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Fugitive Thought: Prison Movements, Race, and the Meaning of Justice

Synopsis

In Fugitive Thought, Michael Hames-Garcma argues that writings by prisoners are instances of practical social theory that seek to transform the world. Unlike other authors who have studied prisons or legal theory, Hames-Garcma views prisoners as political and social thinkers whose ideas are as important as those of lawyers and philosophers.

As key moral terms like "justice," "solidarity," and "freedom" have come under suspicion in the post-Civil Rights era, political discussions on the Left have reached an impasse. Fugitive Thought reexamines and reinvigorates these concepts through a fresh approach to philosophies of justice and freedom, combining the study of legal theory and of prison literature to show how the critiques and moral visions of dissidents and participants in prison movements can contribute to the shaping and realization of workable ethical conceptions. Fugitive Thought focuses on writings by black and Latina/o lawyers and prisoners to flesh out the philosophical underpinnings of ethical claims within legal theory and prison activism.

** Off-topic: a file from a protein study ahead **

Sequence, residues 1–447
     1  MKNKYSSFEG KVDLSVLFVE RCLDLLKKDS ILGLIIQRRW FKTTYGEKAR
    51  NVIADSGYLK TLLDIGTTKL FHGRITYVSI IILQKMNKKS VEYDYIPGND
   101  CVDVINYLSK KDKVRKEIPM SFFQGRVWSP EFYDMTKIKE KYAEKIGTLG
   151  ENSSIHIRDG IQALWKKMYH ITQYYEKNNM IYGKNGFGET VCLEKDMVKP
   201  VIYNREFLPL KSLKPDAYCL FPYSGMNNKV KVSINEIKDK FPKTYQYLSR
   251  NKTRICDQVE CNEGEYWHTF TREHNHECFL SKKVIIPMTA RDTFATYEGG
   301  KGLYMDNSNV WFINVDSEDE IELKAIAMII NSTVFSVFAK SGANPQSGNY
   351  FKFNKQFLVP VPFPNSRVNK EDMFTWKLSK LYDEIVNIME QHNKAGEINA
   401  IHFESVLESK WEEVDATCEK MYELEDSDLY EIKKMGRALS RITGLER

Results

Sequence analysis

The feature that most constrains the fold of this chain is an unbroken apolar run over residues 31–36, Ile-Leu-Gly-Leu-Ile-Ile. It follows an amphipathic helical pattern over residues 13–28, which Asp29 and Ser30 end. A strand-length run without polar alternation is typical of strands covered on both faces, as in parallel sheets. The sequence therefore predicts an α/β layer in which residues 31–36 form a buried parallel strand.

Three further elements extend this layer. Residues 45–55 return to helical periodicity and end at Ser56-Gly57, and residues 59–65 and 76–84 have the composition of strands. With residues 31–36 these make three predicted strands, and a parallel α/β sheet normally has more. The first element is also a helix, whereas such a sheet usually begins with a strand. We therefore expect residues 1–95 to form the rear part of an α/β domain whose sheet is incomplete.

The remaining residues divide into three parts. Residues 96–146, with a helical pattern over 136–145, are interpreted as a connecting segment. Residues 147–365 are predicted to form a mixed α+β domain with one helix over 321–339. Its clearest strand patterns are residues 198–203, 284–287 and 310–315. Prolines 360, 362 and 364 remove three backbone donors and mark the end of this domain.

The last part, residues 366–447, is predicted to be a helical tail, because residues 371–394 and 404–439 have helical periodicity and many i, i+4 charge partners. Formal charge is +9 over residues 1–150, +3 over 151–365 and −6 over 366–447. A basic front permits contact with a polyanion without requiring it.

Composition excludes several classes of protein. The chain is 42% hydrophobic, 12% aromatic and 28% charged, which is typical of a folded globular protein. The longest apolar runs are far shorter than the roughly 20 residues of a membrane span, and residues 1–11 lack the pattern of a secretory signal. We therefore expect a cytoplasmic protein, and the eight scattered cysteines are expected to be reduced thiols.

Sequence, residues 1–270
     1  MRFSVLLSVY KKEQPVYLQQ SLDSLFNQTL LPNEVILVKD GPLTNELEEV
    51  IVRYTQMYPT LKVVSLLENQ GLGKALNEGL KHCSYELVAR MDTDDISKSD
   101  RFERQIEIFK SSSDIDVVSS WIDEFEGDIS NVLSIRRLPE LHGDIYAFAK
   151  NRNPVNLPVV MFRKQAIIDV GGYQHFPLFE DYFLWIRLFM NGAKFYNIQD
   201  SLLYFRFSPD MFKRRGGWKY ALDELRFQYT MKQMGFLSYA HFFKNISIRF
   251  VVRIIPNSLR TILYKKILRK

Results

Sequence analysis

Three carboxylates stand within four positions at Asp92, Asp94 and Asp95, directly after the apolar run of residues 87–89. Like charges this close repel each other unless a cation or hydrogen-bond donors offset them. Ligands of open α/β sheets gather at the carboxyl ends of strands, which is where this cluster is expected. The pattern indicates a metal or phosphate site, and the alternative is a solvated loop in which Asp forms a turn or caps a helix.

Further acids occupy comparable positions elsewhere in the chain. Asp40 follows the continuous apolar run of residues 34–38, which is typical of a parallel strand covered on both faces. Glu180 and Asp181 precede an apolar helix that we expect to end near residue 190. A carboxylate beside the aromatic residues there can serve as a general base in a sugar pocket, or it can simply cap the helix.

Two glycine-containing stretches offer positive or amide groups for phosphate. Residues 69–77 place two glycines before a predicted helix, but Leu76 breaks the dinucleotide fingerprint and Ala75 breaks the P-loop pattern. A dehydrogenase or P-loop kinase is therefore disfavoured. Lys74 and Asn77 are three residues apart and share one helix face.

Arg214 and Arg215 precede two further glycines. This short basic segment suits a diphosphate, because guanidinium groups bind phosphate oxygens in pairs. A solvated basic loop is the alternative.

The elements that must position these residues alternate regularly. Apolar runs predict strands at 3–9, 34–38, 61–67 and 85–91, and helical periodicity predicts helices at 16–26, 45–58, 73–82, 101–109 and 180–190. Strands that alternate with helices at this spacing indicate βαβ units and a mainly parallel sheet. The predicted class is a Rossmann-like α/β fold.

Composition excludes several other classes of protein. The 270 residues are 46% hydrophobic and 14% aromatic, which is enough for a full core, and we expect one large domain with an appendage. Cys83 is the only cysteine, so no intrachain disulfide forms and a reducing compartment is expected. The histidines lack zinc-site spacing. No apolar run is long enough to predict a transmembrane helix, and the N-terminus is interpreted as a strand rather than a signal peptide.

Michael Hames-Garcma is assistant professor of English and of philosophy, interpretation, and culture at Binghamton University, State University of New York.